This suggestion appeared so utterly wild 
to Mr. Fennell that he disdained to reply to 
it, except by a scornful smile which had the 
effect of sending his eyeglass with a crash 
into his plate. 

Mrs. Hawkins now made a sign to Fatima, 


rose from the table ; and Lucy, seeing 
this, rose also. 

" Are you going?" asked Mr. Fennell. 

" I suppose so," answered Lucy, looking 
hesitatingly at Mrs. Hawkins. It was not 
the custom in that household for the men to 
remain at table after the ladies. They usually 
followed the foreign fashion, and all with- 
drew together. But now Mrs. Hawkins 
kept her place at the head of the table, and 
held out her hand to Lucy. 

" Good night, Miss Smith," she said, with 
her usual sweetness. 

" Good night," said Lucy. 

It was clearly intended that she should 
go ; and, accordingly, she moved quietly 
towards the door. Fatima, followed her 
with more reluctant steps, and they went 
upstairs together. 

" I know what that's for," said Fatima. 
" That's Madame Leroux's doing. She 
detests the society of young girls. They are 
going to smoke now."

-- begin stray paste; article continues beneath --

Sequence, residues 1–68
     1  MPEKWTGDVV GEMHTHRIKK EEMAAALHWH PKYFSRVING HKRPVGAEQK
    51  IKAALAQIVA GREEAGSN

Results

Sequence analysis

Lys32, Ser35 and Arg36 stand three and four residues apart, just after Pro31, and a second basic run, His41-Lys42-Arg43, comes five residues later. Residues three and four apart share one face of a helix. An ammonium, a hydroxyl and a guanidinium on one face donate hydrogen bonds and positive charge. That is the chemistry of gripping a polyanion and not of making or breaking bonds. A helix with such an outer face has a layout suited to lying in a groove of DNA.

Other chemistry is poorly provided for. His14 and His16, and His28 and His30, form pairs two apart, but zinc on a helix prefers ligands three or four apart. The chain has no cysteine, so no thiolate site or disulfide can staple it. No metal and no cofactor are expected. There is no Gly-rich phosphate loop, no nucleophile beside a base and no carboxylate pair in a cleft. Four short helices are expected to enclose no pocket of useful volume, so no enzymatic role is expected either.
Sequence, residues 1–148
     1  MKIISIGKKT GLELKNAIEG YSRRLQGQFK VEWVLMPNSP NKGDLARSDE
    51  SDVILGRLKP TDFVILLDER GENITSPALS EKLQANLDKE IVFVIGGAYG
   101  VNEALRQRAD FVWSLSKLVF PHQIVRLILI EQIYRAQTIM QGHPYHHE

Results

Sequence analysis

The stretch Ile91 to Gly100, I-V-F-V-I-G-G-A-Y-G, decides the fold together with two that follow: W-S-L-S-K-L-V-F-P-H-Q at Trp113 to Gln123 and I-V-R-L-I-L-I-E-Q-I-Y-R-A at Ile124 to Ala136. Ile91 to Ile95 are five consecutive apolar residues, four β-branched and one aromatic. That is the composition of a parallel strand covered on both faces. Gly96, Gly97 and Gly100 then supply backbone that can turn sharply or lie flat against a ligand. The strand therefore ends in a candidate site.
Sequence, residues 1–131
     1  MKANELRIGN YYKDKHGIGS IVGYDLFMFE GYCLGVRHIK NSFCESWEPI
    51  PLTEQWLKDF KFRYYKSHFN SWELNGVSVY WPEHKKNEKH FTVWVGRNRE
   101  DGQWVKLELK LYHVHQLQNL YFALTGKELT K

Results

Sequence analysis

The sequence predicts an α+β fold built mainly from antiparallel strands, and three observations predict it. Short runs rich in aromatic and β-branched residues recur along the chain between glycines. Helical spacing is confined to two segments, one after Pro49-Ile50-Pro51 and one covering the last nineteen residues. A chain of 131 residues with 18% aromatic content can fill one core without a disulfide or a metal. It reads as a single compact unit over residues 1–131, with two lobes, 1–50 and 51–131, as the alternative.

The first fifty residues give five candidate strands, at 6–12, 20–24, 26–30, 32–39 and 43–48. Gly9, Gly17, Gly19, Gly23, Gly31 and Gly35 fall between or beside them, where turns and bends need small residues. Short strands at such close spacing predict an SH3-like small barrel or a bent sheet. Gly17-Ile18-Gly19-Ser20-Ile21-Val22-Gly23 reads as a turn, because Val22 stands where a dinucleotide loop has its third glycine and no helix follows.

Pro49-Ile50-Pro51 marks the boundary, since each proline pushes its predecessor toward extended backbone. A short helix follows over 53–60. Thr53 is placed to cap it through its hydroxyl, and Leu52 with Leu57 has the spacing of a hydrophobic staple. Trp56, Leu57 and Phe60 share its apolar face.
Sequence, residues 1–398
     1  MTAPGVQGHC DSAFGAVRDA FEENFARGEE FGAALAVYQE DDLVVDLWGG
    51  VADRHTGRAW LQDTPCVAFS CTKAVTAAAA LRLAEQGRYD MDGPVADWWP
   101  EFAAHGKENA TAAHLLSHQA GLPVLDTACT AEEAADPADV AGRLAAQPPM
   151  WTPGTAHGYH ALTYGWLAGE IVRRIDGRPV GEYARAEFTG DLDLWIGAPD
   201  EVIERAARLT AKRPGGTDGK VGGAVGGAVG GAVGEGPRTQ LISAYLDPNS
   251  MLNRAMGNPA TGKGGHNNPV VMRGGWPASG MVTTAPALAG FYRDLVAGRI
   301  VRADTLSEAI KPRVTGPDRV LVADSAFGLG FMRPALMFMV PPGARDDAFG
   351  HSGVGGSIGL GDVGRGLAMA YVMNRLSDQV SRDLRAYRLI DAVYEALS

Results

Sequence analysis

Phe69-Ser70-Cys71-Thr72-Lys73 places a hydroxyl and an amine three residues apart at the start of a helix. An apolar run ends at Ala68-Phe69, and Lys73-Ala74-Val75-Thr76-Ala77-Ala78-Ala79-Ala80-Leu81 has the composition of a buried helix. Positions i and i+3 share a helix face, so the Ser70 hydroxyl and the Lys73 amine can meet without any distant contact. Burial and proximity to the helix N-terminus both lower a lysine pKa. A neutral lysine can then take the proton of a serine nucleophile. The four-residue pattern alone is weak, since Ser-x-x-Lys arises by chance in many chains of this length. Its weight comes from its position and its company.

" Well, surely it is no injury that we are 
not allowed to partake of their smoke. I am 


very glad to be out of it, and very willing to 
go to bed." 

Fatima was vexed at being deprived of 
another hour of Jersey's society. But on the 
whole, she was far happier than she had been 
for a long time. He had been so kind, so 
sweet to her ! And he had scarcely looked 
at Madame Leroux all supper-time. 

Lucy lay down with the full intention of 
collecting her thoughts and reviewing the 
situation. Could it be really she, Lucy 
Marston, who had been spending the even- 
ing among all those strange people, and who, 
moreover, was engaged as a teacher in the 
school of Madame Leroux, formerly Caroline 
Graham ? The very sound of her own old 
name seemed to belong to a far-away time. 

But when she closed her eyes, pictures 
of End.erby Court and the village crowded 
into her mind. She thought not only of 
Mildred, but of many persons who had been 
familiar figures in her daily life, but for whom 
she had no special regard. Among those 
was Edgar Tomline. He had known the 
house where she was born ; and she wondered 


if any memories remained among the people 
there of her own mother that mother who 
was like a phantom to her imagination, but 
of whom she had thought more and more of 
late in her friendless isolation. 

At length she fell asleep ; and, towards 
morning, dreamt that Madame Leroux, look- 
ing steadfastly at her, had changed into a 
basilisk ; and, trembling and oppressed, she 
woke to see the dingy dawn of London show 
its yellow face at her window, and begin 
the first day of the new life that lay before 







Trollope Frances 

dame Leroux